The food and beverage industry as a whole is unique in many ways and here in Los Angeles, where we have some of the best dining and food-for-purchase options in the nation, there’s perhaps an even more finely tuned set of rules for success. Stir in an unpredictable economy and unique regulatory conditions and you’ve got a sector of Southern California business that continues to evolve as swiftly as any other. To make some sense of this exciting and unpredictable realm, the Los Angeles Business Journal has once again turned to some of the leading experts in the region to get their diverse insights and assessments regarding the current state of the industry that Angelenos most certainly couldn’t live without!
What opportunities and challenges do the food and beverage industry face as business tax reform takes shape?
KOTTON: Should tax reform pass as proposed, food and beverage companies may have the opportunity to enjoy tax cuts. Given the uncertainty surrounding tax reform, now is the time for businesses to proactively lower their tax rates by meeting with their tax and legal counsels. When companies design a lean tax strategy, they will be better prepared for any regulatory changes that may occur. According to BDO’s 2017 Tax Outlook Survey, a reduced corporate tax rate is the primary tax issue for tax executives across industries. However, our data also suggests that many tax professionals expect the rate to fall somewhere between 20 and 24 percent. On the flip side, changes to the federal tax code could complicate state and local taxes for businesses that operate across multiple states. Above all, food and beverage companies can most effectively prepare for tax reform by staying informed of new developments.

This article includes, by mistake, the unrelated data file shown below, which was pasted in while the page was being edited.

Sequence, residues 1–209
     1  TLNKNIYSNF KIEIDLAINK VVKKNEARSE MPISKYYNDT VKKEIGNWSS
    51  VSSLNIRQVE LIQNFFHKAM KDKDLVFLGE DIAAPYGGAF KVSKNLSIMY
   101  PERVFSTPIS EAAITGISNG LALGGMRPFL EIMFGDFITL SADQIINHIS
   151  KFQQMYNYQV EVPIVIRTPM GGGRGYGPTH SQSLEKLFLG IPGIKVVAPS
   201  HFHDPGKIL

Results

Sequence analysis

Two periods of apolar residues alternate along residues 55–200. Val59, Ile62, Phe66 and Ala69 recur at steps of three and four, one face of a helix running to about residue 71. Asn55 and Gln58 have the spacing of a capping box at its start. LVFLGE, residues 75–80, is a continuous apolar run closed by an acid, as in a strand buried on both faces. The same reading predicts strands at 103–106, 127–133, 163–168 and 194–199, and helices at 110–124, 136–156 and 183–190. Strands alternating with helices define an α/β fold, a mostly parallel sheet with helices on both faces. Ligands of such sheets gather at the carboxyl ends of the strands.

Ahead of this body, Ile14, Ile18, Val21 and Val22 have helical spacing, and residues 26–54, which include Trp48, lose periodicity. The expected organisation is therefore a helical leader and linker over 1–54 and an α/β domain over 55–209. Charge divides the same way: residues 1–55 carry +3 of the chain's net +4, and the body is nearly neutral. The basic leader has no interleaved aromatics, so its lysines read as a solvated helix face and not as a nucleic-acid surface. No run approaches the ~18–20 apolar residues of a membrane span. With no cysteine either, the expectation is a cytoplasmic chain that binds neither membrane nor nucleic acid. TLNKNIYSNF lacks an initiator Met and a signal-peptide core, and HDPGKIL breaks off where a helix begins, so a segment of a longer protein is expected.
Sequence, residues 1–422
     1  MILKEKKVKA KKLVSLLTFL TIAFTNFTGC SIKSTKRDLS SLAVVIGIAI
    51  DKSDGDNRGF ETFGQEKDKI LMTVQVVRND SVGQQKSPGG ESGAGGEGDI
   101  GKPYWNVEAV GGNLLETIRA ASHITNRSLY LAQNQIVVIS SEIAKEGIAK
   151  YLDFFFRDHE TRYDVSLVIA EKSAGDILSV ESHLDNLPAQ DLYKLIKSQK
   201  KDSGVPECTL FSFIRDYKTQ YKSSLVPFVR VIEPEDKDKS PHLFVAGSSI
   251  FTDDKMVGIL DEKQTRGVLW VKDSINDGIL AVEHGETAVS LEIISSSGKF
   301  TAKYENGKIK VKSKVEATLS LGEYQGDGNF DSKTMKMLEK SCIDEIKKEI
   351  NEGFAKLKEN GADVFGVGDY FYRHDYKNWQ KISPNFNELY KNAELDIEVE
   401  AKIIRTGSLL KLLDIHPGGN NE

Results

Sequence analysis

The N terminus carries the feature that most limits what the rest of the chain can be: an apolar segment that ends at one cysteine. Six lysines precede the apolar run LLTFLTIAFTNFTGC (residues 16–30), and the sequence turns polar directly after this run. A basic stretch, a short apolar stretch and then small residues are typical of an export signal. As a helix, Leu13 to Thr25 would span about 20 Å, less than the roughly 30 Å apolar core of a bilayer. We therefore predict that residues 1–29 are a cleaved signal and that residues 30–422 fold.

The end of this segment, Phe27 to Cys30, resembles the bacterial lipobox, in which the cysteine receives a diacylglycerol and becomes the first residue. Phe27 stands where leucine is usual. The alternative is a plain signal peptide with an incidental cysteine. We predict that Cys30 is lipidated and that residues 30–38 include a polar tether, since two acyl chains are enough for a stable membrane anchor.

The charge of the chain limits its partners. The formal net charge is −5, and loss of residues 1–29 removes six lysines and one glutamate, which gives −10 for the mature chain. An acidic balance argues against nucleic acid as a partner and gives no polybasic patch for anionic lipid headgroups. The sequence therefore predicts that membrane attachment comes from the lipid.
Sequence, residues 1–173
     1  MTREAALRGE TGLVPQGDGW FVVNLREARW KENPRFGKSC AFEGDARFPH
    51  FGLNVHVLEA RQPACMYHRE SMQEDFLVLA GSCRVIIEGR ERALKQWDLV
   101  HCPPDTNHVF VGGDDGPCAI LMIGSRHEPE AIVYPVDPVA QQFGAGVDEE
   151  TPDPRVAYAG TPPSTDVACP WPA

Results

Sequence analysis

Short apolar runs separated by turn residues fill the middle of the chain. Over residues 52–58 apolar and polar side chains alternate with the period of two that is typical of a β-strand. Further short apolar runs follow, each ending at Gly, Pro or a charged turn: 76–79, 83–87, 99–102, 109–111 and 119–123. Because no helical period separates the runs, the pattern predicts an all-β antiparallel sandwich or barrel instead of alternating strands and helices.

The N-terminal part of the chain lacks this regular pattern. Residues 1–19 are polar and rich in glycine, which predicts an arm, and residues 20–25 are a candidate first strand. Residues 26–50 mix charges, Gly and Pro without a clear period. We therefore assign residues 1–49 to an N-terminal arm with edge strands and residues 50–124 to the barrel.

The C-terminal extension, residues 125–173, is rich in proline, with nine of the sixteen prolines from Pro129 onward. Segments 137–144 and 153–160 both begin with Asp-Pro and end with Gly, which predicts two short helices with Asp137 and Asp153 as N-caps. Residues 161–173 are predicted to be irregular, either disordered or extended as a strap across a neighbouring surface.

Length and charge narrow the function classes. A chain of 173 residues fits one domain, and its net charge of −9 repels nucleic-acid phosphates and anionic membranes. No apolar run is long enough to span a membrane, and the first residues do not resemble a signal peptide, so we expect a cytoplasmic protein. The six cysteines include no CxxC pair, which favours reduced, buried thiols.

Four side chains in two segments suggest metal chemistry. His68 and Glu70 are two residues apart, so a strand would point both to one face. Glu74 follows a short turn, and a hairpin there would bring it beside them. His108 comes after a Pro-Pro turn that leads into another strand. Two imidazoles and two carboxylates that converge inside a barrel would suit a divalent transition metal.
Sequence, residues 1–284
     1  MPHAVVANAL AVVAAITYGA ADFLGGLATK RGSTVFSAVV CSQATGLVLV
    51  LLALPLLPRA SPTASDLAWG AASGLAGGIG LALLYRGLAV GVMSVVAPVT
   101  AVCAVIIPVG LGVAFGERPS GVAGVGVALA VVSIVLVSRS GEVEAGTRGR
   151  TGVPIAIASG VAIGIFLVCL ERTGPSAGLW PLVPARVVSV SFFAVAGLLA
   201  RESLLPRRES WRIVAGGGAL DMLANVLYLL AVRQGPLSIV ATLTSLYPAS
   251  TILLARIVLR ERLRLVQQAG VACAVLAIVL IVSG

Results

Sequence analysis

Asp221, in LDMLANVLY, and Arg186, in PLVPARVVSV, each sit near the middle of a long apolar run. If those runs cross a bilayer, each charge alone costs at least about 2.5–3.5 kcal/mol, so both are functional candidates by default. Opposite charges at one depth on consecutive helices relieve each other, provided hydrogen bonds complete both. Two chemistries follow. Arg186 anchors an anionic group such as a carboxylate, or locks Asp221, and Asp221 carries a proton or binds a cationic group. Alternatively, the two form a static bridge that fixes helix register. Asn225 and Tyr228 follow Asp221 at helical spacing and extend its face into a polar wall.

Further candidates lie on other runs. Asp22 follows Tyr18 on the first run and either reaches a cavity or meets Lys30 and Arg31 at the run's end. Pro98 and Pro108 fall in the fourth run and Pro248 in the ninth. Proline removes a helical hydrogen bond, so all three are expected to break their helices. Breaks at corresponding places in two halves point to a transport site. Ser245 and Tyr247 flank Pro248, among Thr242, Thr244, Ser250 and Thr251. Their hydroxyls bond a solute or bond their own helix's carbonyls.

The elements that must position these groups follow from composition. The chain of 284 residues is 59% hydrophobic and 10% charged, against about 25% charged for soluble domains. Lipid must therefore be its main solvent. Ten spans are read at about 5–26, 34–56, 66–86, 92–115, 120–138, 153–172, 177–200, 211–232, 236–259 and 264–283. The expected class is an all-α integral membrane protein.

WEINSTEIN: All industries face the uncertainty about whether federal tax reform will occur. Nevertheless, tax planning continues to remain critical for a food and beverage company throughout the company’s life cycle. Tax planning begins at the formation stage with the basics such as entity selection (i.e., formation as a limited liability company, limited partnership or S corporation) and structuring issues such as forming an intellectual property holding company to hold trademarks for royalty license agreements. During its operating phase, a company should consider maximizing tax credits (i.e., with respect to research and development or enterprise zone hiring), as well as depreciation deductions. There are important tax considerations for liquidity events such as a sale of assets as compared to a sale of equity, as well as the rollover of equity into the purchaser.
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